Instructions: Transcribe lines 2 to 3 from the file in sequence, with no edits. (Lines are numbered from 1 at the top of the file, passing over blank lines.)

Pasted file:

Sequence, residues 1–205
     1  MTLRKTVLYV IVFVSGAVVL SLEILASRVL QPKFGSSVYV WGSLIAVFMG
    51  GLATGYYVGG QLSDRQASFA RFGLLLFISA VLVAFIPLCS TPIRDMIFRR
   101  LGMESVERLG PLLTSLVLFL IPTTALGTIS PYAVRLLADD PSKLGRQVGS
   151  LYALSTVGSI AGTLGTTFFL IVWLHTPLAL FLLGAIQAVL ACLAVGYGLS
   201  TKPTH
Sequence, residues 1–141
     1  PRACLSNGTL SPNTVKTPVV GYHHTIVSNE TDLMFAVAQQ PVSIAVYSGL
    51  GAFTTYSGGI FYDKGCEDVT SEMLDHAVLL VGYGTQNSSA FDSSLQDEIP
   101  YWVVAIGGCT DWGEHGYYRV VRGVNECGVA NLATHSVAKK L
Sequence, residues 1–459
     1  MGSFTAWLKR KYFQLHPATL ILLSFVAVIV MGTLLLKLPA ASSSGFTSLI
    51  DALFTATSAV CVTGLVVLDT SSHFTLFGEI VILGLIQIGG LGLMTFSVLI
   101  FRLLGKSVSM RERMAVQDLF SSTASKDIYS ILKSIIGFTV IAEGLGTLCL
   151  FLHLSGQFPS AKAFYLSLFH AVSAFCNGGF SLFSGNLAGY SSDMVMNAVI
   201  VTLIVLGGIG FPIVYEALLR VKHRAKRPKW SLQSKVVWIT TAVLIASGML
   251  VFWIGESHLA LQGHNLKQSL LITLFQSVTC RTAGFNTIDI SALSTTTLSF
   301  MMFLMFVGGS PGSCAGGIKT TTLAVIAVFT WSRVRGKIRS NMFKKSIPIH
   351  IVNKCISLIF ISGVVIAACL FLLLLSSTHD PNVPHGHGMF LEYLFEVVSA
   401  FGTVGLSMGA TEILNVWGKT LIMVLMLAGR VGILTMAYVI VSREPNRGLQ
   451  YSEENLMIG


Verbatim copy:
     1  MTLRKTVLYV IVFVSGAVVL SLEILASRVL QPKFGSSVYV WGSLIAVFMG
    51  GLATGYYVGG QLSDRQASFA RFGLLLFISA VLVAFIPLCS TPIRDMIFRR